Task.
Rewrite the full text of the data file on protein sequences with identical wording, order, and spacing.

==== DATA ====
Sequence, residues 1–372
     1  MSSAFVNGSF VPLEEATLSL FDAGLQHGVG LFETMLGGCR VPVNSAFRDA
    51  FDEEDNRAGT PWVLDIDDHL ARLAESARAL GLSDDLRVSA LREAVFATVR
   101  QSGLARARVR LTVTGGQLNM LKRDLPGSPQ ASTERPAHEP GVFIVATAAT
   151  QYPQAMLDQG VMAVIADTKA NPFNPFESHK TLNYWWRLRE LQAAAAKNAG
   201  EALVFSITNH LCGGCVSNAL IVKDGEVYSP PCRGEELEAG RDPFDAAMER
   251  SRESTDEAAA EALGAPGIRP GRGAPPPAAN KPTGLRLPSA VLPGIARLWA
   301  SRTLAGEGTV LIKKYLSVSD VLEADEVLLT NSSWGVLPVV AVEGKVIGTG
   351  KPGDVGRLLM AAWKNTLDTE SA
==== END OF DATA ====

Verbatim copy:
Sequence, residues 1–372
     1  MSSAFVNGSF VPLEEATLSL FDAGLQHGVG LFETMLGGCR VPVNSAFRDA
    51  FDEEDNRAGT PWVLDIDDHL ARLAESARAL GLSDDLRVSA LREAVFATVR
   101  QSGLARARVR LTVTGGQLNM LKRDLPGSPQ ASTERPAHEP GVFIVATAAT
   151  QYPQAMLDQG VMAVIADTKA NPFNPFESHK TLNYWWRLRE LQAAAAKNAG
   201  EALVFSITNH LCGGCVSNAL IVKDGEVYSP PCRGEELEAG RDPFDAAMER
   251  SRESTDEAAA EALGAPGIRP GRGAPPPAAN KPTGLRLPSA VLPGIARLWA
   301  SRTLAGEGTV LIKKYLSVSD VLEADEVLLT NSSWGVLPVV AVEGKVIGTG
   351  KPGDVGRLLM AAWKNTLDTE SA